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A person dressed as a polar bear leads participants into the water during the Coney Island Polar Bear Club’s annual New Year’s Day swim at Coney Island. REUTERS/Andrew Kelly


It’s 2016.

And the year is off to a busy start. In the US, the economic calendar is stacked with the releases of monthly manufacturing and labor-market data.

One of the big economic stories continues to be the weakness of the US manufacturing sector, as slowing global growth and the strong US dollar has hindered demand from overseas.

Last week’s terrible Chicago purchasing manager index (PMI) report was followed by Friday’s weak Chinese manufacturing PMI report and South Korea’s disappointing exports report. All confirm the theme of a lackluster global economy.

So as you all get back into work mode, here’s your Monday Scouting Report:

Top Stories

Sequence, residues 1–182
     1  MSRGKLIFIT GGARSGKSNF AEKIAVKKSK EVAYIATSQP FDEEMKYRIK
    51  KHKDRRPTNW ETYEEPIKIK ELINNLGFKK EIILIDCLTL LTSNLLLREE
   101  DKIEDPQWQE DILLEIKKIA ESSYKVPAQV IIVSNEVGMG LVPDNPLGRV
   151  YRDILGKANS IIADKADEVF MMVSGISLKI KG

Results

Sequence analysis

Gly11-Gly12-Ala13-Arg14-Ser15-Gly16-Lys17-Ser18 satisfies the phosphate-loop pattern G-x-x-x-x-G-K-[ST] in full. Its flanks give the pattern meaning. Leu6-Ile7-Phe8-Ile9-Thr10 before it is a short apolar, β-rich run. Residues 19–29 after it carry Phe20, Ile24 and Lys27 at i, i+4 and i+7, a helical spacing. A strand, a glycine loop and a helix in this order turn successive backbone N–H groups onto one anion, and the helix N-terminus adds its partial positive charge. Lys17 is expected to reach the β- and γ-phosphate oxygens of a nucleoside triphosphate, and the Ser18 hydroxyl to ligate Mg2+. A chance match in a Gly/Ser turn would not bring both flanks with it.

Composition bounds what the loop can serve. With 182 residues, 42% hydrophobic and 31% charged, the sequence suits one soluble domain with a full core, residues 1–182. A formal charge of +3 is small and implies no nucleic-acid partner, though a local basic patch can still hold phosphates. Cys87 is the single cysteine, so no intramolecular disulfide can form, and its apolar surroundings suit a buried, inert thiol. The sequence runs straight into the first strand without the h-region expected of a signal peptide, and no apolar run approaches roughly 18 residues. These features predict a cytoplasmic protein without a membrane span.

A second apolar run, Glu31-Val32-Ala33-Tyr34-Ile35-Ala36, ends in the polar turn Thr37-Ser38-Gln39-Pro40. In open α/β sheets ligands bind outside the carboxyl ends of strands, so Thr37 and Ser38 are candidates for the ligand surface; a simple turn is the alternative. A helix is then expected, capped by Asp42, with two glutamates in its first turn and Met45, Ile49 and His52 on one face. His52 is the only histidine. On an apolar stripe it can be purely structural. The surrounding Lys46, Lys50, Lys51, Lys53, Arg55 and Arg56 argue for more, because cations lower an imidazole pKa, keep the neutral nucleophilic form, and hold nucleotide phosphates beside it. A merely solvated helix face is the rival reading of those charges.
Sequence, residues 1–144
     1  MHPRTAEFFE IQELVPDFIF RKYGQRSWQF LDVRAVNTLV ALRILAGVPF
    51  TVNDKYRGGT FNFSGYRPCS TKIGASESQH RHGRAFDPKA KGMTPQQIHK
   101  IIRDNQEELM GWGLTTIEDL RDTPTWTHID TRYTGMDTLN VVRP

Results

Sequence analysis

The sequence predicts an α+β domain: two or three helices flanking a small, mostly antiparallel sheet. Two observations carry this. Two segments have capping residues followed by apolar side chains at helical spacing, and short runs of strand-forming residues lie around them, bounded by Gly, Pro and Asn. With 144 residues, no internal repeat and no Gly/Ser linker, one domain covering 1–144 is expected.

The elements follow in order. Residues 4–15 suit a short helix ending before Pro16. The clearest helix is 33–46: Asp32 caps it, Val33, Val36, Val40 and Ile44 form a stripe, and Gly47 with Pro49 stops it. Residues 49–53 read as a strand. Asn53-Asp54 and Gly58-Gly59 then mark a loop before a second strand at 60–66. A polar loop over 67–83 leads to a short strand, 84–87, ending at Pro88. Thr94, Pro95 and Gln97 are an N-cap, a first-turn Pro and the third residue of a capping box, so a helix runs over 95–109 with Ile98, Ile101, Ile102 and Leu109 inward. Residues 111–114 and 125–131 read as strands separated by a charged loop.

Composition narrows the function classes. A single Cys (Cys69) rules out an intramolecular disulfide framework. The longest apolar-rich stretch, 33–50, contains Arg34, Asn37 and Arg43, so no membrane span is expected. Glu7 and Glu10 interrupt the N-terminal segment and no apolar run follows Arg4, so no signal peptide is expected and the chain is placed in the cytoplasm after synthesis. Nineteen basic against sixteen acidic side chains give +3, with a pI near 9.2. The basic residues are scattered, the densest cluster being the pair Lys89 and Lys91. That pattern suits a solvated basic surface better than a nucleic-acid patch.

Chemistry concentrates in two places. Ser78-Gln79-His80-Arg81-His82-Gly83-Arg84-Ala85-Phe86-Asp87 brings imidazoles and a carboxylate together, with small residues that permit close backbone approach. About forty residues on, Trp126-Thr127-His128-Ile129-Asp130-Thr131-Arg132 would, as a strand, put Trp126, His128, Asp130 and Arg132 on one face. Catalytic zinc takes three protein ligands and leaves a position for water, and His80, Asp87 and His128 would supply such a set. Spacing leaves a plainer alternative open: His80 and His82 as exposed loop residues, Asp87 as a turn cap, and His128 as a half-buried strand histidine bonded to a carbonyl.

• The Fed remains in focus. On Wednesday, the Federal Reserve will release the minutes of its December 15 to 16 Federal Open Market Committee Meeting, which is when the Fed hiked rates and ended seven uninterrupted years of near-zero interest-rate policy. From Credit Suisse: “Investors will be interested in the minutes not so much to explain the past but to anticipate the future. The December 16 policy statement noted that the FOMC expects ‘only gradual increases in the federal funds rate.’ Yet the Committee’sdot plot suggests that most participants’ conception of an ‘appropriate’ pace of tightening is still much more aggressive than what the markets conceive of as the most likely pace. Also, the discussion behind the mid-December decision to make the Fed’s overnight reverse RP operations full-allotment, while maintaining individual counterparty caps, could also enhance the markets’ understanding of how the Fed staff and policymakers envision the evolution of this facility.”On Sunday, Fed Vice Chair Stanley Fischer expressed his encouragement that monetary policy tools seem to be working after the rate hike announcement. One statement he made that caught a lot of attention was his remark about asset values. From his prepared remarks: “[I]f asset prices across the economy — that is, taking all financial markets into account — are thought to be excessively high, raising the interest rate may be the appropriate step. Further discussion of this issue will probably bear considerable similarity to the analysis of how to deal with asset bubbles that took place in the United States in the decade starting about two decades ago.”